Te Ani Rakete has always wanted to help people and share the experiences of his troubled youth.
“When my mother in law and sister enrolled at Otago Polytechnic, I decided to apply as well. I nearly didn’t … when it came to the police vetting, I knew there’d be issues.”
Te Ani grew up in a gang and has been in and out of prison. But he was ready to make a change, and the staff at the School of Social Services encouraged him to enrol. He started with a Certificate in Human Services.
“The academic side was hard, I’d left school at 14 years old, but the teachers helped me heaps. They’d even stay into the evening helping me in their own time.”
Te Ani got so much out of it, he came back to study for a Bachelor of Social Services.
“I’ve always been a practical person. I prefer hands-on learning to theory, but with plenty of support, I’ve actually learnt to like the academic aspects of the programme. I enjoy writing essays now!”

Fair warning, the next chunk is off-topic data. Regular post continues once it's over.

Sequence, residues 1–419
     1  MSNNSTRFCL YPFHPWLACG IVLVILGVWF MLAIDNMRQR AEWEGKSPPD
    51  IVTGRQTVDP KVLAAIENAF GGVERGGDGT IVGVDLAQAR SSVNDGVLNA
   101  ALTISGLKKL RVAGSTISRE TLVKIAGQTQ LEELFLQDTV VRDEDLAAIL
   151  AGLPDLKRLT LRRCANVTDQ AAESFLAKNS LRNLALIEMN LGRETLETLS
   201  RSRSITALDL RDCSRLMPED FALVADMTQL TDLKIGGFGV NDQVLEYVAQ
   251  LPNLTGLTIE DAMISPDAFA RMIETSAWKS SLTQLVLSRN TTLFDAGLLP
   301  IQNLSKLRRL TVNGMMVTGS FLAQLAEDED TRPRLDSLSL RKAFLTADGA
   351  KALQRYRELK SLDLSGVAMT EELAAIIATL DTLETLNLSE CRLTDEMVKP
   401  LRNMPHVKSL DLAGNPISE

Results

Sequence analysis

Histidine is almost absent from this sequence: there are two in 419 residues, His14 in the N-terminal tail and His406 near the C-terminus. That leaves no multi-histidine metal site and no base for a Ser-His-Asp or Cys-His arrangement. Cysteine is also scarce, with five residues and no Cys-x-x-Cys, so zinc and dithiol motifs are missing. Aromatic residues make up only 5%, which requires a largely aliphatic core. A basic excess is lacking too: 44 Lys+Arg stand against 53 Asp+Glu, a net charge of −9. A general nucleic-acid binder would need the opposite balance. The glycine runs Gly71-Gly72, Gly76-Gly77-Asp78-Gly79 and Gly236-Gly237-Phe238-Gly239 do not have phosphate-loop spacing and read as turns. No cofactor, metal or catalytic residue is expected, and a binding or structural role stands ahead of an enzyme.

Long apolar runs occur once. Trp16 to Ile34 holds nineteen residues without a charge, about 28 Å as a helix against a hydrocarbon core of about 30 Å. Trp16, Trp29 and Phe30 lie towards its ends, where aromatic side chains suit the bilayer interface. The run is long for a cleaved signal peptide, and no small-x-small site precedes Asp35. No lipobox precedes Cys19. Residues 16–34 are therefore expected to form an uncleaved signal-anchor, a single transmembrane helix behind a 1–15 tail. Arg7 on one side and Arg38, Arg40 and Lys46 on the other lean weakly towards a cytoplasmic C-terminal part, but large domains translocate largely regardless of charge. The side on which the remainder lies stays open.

Inspired by his studies and desire to help people, Te Ani and his family set up “Whānau Whānui” which means ‘Extended Family’. It started with just his immediate family and has now grown to about 80 people. They focus on the whole person – promoting sport and healthy living to everyone, from children to grandparents.
Te Ani says the skills he’s learning through his Bachelor of Social Services are taking him closer to his dream: to establish a facility that caters for all aspects of life; counselling, mental health, physical health … addressing any issues someone might face in their life. This holistic approach is very much modelled from a Māori world viewpoint.
“That’s my end goal, and I can see that my studies will help me in that quest.”